Back to the school days, then and now

Hindustan Times (Chandigarh) - - News - PPS Gill

Th­ese days, while adults crib about life in house cap­tiv­ity, not many chil­dren do. They teach us a les­son or two, pro­vided we care to learn, on how not to grum­ble and growl. For grown-ups, this is the best time to do/learn what they al­ways wanted to but couldn’t due to their busy sched­ules and trav­el­ling. Well, here’s how our 11-year-old Aziz keeps him­self busy on lazy days.

Thanks to Covid times, there’s no early morn­ing wak­ing up; no coax­ing to fin­ish break­fast or put on shoes or look for the iden­tity card to rush to school; he is en­joy­ing life’s leisurely pace. When not at­tend­ing on­line classes or do­ing home­work, he ar­ranges, and re­ar­ranges, his col­lec­tion of 100-odd toy cars; spruces up his play cor­ner, cup­board, works on cubes; watches TV; rolls and roars with laugh­ter; plays games on his mother’s smart­phone or watches videos on grandma’s ipad. When glued to the screen, he ig­nores his mother with im­punity. He hears her, but doesn’t lis­ten. And, what a treat it is to see him savour his meals! His only grouse is his in­abil­ity to visit his ‘nanke’ or ma­ter­nal grand­par­ents.

The other day, his mom set up the lap­top and read­ied it for the on­line class. Prior to this, she would of­ten take out print­outs, us­ing her smart­phone. A po­lite en­quiry re­vealed that teach­ers were mail­ing home­work on­line and she was fol­low­ing links and down­load­ing lessons. See­ing my puz­zled look, she went on: The class teacher has formed a What­sapp group. Since I’m not smart­phone savvy, I chose to smile and re­main silent.

Ru­mi­nat­ing on the tech­no­log­i­cal ad­vances and changes it has in­tro­duced in our lives, I was trans­ported back to my school days 65 years ago. We car­ried plain school bags that were no match to the smart bags chil­dren have th­ese days. My bag was way lighter than Aziz’s. We car­ried two slates, one wooden (phatti) and an­other made of stone or me­tal. The first was to prac­tise our hand­writ­ing and the sec­ond for rough work.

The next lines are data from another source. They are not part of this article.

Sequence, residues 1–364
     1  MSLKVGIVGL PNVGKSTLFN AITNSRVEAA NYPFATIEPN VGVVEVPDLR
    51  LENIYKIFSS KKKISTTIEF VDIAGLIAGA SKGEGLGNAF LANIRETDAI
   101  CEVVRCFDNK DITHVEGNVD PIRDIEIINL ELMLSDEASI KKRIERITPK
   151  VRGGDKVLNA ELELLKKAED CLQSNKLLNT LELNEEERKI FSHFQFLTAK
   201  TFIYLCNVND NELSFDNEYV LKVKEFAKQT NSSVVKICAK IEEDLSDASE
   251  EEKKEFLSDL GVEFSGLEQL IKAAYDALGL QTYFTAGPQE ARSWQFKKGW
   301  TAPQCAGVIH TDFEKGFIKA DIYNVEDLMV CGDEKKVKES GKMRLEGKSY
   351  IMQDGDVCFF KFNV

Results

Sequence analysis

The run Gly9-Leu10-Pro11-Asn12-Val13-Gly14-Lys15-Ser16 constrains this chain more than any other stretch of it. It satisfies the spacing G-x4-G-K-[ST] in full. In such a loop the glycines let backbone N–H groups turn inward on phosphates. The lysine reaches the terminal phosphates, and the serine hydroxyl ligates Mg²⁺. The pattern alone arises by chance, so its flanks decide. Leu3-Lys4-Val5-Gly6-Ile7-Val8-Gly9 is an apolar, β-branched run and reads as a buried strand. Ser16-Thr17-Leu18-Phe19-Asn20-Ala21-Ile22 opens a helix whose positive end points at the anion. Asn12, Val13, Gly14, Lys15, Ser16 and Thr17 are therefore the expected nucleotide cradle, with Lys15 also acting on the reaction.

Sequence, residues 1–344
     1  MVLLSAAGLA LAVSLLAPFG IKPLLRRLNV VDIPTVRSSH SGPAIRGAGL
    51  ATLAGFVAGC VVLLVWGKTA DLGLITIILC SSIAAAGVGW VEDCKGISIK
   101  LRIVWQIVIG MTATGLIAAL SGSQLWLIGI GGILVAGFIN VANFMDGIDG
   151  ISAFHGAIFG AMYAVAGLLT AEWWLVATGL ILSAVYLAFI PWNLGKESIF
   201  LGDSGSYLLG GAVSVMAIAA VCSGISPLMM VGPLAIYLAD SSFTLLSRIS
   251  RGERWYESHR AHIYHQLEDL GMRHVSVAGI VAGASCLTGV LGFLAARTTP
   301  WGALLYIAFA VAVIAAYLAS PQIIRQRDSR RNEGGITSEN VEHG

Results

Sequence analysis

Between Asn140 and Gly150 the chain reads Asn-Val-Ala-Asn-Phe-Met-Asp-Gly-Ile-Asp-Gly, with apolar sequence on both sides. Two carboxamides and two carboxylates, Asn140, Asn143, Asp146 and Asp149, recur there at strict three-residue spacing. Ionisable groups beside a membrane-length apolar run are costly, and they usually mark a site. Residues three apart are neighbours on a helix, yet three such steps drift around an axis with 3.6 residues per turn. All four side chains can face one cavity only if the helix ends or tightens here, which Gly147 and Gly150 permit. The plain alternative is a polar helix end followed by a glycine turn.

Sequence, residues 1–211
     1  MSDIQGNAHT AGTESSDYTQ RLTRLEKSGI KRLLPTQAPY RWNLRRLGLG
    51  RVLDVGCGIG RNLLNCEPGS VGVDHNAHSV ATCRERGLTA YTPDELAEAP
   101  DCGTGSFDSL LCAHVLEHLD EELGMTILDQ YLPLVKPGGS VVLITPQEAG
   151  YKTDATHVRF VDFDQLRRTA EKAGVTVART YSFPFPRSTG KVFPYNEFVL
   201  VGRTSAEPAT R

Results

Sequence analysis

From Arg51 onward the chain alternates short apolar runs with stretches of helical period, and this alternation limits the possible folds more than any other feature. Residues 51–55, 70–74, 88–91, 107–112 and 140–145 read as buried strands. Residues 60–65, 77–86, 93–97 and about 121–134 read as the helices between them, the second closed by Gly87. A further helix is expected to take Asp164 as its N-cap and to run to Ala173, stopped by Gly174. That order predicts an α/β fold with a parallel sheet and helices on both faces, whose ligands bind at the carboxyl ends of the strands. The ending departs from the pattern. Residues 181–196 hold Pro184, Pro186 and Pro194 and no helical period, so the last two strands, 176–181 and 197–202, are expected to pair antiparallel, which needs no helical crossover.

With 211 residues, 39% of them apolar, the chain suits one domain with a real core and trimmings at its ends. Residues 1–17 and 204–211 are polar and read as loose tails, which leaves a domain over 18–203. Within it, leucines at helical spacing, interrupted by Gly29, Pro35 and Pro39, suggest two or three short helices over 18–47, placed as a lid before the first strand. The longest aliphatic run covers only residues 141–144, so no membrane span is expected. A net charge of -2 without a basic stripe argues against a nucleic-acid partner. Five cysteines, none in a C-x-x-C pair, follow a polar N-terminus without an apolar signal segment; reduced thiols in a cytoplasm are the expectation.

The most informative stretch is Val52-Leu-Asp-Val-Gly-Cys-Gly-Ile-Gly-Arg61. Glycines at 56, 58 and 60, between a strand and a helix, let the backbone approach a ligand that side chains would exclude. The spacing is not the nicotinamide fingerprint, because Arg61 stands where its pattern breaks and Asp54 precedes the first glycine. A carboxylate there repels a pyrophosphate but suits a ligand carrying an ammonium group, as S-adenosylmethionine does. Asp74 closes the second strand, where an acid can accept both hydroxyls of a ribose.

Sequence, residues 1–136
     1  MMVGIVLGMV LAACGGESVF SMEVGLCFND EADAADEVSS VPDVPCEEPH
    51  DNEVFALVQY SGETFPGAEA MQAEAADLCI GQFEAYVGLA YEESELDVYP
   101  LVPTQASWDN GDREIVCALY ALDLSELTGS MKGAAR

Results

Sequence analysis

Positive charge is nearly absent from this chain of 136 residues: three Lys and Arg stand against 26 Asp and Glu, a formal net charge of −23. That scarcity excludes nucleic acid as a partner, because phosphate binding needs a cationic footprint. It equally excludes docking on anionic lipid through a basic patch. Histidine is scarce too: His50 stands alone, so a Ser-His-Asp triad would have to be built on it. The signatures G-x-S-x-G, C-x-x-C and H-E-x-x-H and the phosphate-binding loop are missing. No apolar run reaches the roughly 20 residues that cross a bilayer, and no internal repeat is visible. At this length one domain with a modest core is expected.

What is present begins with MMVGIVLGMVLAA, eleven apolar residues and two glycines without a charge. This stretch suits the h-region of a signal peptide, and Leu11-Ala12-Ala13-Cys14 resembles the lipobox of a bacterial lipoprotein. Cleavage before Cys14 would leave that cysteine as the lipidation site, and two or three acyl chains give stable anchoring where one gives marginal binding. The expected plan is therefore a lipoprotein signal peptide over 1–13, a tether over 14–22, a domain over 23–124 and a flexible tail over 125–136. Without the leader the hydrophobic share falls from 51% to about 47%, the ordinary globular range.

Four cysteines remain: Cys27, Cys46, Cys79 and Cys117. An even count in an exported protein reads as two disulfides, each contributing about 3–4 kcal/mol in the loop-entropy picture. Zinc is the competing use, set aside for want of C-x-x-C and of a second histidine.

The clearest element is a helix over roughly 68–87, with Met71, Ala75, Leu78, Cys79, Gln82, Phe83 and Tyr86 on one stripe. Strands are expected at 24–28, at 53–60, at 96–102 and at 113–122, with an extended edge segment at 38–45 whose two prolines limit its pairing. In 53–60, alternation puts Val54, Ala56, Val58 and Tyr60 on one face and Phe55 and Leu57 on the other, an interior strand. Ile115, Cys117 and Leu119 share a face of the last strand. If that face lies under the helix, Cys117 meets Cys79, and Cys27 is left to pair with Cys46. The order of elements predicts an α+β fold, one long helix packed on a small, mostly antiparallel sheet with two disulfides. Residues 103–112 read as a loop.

We would pol­ish the phatti with clay ev­ery day. We would write with the ‘kalm’ (pen) made of reed that was cut and chis­elled to a par­tic­u­lar shape for good writ­ing. We would dip the ‘kalm’ in black ‘shyahi’ (ink). The ‘kalm-dwat’ (bot­tle of ink) was a per­ma­nent fix­ture in our school bags. We used a ‘saleti’ to write on the slate and a small piece of cloth, hang­ing from a thread tied to it, to wipe it clean.

Aziz is un­fa­mil­iar with such parapherna­lia, as is many a se­nior cit­i­zen about to­day’s tech­nol­ogy.

Home­work was done with pen­cil. For English writ­ing, we used a four-line ex­er­cise book and a ‘G’ nib-fit­ted pen.

We would dip it in blue ink to write. ‘G’ nib was to en­sure each let­ter of the al­pha­bet was writ­ten in the cor­rect way.

Now, there is such a va­ri­ety in sta­tionery as also in ac­ces­sories, such as tif­fin boxes and wa­ter bot­tles. We would be con­tent with ‘roti-subzi’ or ‘salt-ajwain paran­tha’ and sim­ply cup our hands to drink straight from the tap. Wa­ter pu­ri­fiers were un­heard of, so was junk food.

Bi­cy­cles were a rar­ity among stu­dents and we would walk to school. Se­cu­rity was not an is­sue un­like to­day when chil­dren step out, so do moms, stand­ing guard.

Sub­tle signs of chang­ing times.

AZIZ IS UN­FA­MIL­IAR WITH SUCH PARAPHERNA­LIA, AS IS MANY A SE­NIOR CIT­I­ZEN ABOUT TO­DAY’S TECH­NOL­OGY

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